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 Cindy Ring, MSW, LSW
Expert Name:  Cindy Ring, MSW, LSW
Expert Title: MSW, LSW
Company Name:  Step By Step Inc.
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Short Bio: Cindy is a clinical administrative associate with Step By Step Inc. Her responsibilities include designing research studies, protocols and evaluation tools, data collection and analysis and writing and editing grants and reports. Cindy is a member of the National Psychology Honor Society and a licensed social worker. She holds an MSW in Social Work Administration from Ohio State University, a BS in Psychology from Wright State University and is currently pursuing a PhD in Forensic Psychology from Walden University.

Teaching Your Teen to Grocery Shop

When teaching life skills to your teen with autism, intellectual, or developmental disabilities, a good place to start is grocery shopping.  Grocery shopping is a good choice because food is reinforcing to most of us!  Plus, there are many different skills involved in shopping at the grocery store. 

Some of the skills you can work on are:

•    Making a list (deciding what to put on the list and crossing it off when you get the items)
•    Finding items in a store
•    Looking at nutritional information on food
•    Looking for sales and using coupons
•    Navigating a shopping cart
•    Waiting in line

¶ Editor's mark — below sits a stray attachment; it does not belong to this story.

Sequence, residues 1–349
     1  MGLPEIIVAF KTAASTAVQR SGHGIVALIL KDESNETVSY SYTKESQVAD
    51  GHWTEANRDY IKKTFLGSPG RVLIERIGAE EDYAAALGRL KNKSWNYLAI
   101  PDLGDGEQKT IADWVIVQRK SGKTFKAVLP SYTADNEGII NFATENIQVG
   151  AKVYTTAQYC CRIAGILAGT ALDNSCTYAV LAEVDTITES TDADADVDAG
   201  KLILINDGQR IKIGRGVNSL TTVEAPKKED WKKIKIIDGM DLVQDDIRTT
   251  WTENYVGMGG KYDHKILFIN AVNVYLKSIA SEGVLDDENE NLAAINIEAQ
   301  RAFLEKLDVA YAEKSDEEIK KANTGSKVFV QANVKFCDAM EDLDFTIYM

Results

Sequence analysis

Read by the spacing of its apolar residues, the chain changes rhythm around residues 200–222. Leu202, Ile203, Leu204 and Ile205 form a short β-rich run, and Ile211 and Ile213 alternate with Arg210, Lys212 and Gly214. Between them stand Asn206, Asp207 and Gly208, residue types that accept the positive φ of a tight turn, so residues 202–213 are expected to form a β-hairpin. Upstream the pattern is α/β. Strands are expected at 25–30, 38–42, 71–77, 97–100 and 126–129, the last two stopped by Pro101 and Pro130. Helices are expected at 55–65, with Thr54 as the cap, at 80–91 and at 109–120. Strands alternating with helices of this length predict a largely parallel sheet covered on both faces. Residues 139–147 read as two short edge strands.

•    Store etiquette
•    Money handling

Any or all of these can be worked on depending on the skill level of your teen.  Some modifications you can use for teens who are more cognitively challenged are:

•    Making a list- use Velcro backed pictures of common foods the teen eats and have him or her match the picture to where the food is kept in the home.  If the food needs to be on the grocery list to be bought, the teen can Velcro the picture to a laminated grocery list with a Velcro strip.
•    Use a visual schedule for the steps during the grocery trip.
•    Reminder cards for waiting (how to wait patiently in line showing either pictures or simple sentences)
•    Social stories about finding items in a store, about store etiquette, and about some of the people in a grocery store (cashier, bagger, etc.)

Practice these skills with your teen often and as many times as possible.  When you go shopping, let your teen push the cart.  Let you teen be in charge of the shopping list and marking off items as they are found.  Help your teen handle the money at the end of the trip or scan the bank card.  Start with showing him or her how and then fade back to letting him or her be as independent as appropriate. And, at the end, let your teen purchase something yummy for doing a great job of course!

For more tips on transition planning, please check out our Transition Survival webcast series: